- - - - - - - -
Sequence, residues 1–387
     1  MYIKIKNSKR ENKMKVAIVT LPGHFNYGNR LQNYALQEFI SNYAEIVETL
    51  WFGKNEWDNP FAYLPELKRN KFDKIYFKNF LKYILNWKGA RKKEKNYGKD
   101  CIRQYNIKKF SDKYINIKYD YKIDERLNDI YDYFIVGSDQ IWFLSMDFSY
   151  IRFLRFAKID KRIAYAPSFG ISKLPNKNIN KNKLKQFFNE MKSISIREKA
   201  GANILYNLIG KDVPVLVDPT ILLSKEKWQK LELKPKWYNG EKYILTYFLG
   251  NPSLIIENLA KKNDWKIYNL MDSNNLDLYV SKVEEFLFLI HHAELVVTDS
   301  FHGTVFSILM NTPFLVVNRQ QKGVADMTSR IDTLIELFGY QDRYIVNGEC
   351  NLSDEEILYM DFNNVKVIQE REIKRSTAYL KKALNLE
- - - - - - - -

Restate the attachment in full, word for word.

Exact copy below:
Sequence, residues 1–387
     1  MYIKIKNSKR ENKMKVAIVT LPGHFNYGNR LQNYALQEFI SNYAEIVETL
    51  WFGKNEWDNP FAYLPELKRN KFDKIYFKNF LKYILNWKGA RKKEKNYGKD
   101  CIRQYNIKKF SDKYINIKYD YKIDERLNDI YDYFIVGSDQ IWFLSMDFSY
   151  IRFLRFAKID KRIAYAPSFG ISKLPNKNIN KNKLKQFFNE MKSISIREKA
   201  GANILYNLIG KDVPVLVDPT ILLSKEKWQK LELKPKWYNG EKYILTYFLG
   251  NPSLIIENLA KKNDWKIYNL MDSNNLDLYV SKVEEFLFLI HHAELVVTDS
   301  FHGTVFSILM NTPFLVVNRQ QKGVADMTSR IDTLIELFGY QDRYIVNGEC
   351  NLSDEEILYM DFNNVKVIQE REIKRSTAYL KKALNLE